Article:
Art of Asia
- The Goryeo dynasty (918–1392)
- Water-Moon Avalokiteśvara
- Cast-iron Buddha
- Korean Celadons of the Goryeo Dynasty
- Kundika with Landscape Design
- Celadon incense burner with lion cover and celadon incense burner with open work geometric design
- Celadon dragon-shaped ewer and celadon turtle-shaped ewer
- Celadon Melon-shaped Bottle
- Maebyong vases, an introduction
- Maebyeong with cloud and crane design
- Maebyeong with peony design
- Bronze bell with inscription: “Cheonheungsa”
- Ten-story Stone Pagoda of Gyeongcheonsa Temple
- Stone bodhisattva from the site of Hansongsa Temple
- Official Register from the late Goryeo period
- Reliquary set offered by Yi Seonggye (King Taejo of the Joseon dynasty)
- Reviving traditional Korean celadons
- Ewer with lid
Maebyeong with cloud and crane design
By Seo Yuri and The National Museum of Korea
Celadon maebyeong with crane and cloud design, Goryeo Dynasty (late 12th–13th century), 30.3 x 5.3 x 10.5 cm, Treasure 1869 (National Museum of Korea)
Designated as 1869 in 2015, this celadon maebyeong with a cloud and crane design was featured in The New National Treasures 2014–2016 (May 13–July 9, 2017), a special exhibition to introduce items that had recently been designated as “Treasures” or “National Treasures.” Of the fifty items featured at that exhibition, this maebyeong was the only celadon vessel. With its stately form and whimsical crane design, this vase exuded a unique beauty that radiated through the gallery, capturing the hearts of all who attended that exhibition.
But what aesthetic qualities must an object possess in order to be designated as a “treasure”?
Mouth of celadon maebyeong with crane and cloud design, Goryeo Dynasty (late 12th–13th century), 30.3 x 5.3 x 10.5 cm, Treasure 1869 (National Museum of Korea)
Dignity of maebyeong
With a small mouth, voluptuous shoulder, and softly curved outline, this vase exhibits the characteristic form of a Goryeo celadon maebyeong. Although maebyeong were produced from the early , they did not attain this beautiful shape until the twelfth century. Then, by the thirteenth century, maebyeong became larger with more exaggerated curves, until they eventually disappeared from production around the beginning of the (1392–1910). Thus, the maebyeong is now considered to be one of the representative vessels of Goryeo celadon, modeling the formal changes that occurred over time. While some maebyeong were undecorated, others are decorated with incised, embossed, or inlaid patterns, or painted with iron-brown or copper-red underglaze.
Being slightly smaller than the average Goryeo maebyeong (30–40 cm tall), this maebyeong has a neat and compact look. It has a flared mouth and short neck atop the broad shoulder, which sweeps smoothly down to the base in an elegant S-curve. While the wide shoulder and natural curve yield a pleasant balance, the slight flare of the base provides a sense of stability. After the ideal shape was achieved on the potter’s wheel, the delightful inlaid design of clouds and cranes was added. A slight indentation was carved into the bottom of the vessel to form the foot ring. The entire vessel, including the bottom, received a thick coating of bluish-green with a lovely sheen. Before firing, the glaze was wiped off the foot ring and small pieces of fire-resistant clay mixed with black sand were attached to the foot. With its superlative shape, luminous translucent glaze, and elegantly composed inlaid design, this vessel is fully deserving of its designation as Treasure 1869.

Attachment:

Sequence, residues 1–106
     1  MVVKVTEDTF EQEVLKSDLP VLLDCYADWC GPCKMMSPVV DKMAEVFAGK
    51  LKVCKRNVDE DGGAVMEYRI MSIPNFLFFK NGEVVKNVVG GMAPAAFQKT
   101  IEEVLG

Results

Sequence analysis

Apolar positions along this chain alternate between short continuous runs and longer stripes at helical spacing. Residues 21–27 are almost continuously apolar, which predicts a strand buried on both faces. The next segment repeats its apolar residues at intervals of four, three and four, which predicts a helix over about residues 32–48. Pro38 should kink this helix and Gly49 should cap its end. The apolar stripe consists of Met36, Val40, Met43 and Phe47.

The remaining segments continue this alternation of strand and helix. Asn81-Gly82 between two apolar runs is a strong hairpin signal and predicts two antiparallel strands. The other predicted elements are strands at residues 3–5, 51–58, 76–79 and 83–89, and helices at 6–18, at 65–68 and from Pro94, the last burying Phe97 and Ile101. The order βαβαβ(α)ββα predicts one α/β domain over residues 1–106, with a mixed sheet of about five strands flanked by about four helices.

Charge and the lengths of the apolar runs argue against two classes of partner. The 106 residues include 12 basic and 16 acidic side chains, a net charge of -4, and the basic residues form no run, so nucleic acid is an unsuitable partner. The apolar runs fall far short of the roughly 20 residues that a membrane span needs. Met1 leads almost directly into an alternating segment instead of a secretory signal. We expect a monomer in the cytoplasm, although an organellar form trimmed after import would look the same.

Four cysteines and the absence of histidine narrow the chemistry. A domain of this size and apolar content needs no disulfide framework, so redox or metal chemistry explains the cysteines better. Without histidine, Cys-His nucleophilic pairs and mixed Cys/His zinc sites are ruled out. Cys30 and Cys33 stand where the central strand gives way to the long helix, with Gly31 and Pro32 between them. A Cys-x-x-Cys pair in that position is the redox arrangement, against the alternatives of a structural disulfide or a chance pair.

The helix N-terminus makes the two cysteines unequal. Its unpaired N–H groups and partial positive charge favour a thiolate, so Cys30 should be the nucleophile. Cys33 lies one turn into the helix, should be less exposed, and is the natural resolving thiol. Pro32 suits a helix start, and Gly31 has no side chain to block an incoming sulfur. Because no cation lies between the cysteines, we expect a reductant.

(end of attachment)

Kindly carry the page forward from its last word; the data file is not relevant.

Foot of celadon maebyeong with crane and cloud design, Goryeo Dynasty (late 12th–13th century), 30.3 x 5.3 x 10.5 cm, Treasure 1869 (The National Museum of Korea)
Inlaid crane and cloud design
The two greatest achievements of Goryeo celadon are the gorgeous jade-colored glaze and the celadon inlay technique, an innovation that was unique to Goryeo. The inlay technique involves carving lines or images into the base clay, and then filling the carved areas with white or red ocher clay (which turns black during firing) to create designs of multiple colors. Significantly, the three types of clay—base clay, white clay, and red ocher clay—expand at different rates during firing, so the inlay technique required the most advanced level of ceramic technology. This maebyeong exemplifies the elegant beauty that could be achieved with the inlay technique.
Detail of labyrinth motif on the mouth of celadon maebyeong with crane and cloud design, Goryeo Dynasty (late 12th–13th century), 30.3 x 5.3 x 10.5 cm, Treasure 1869 (The National Museum of Korea)
Both the mouth and foot of this vase are encircled by an abstract labyrinth motif, colloquially known as the “lightning pattern.” Made with black inlay, these two decorative bands provide a balanced composition for a more refined appearance. Meanwhile, the body is adorned with a striking design of cranes flying through the clouds, with the jade-colored glaze serving as the background sky.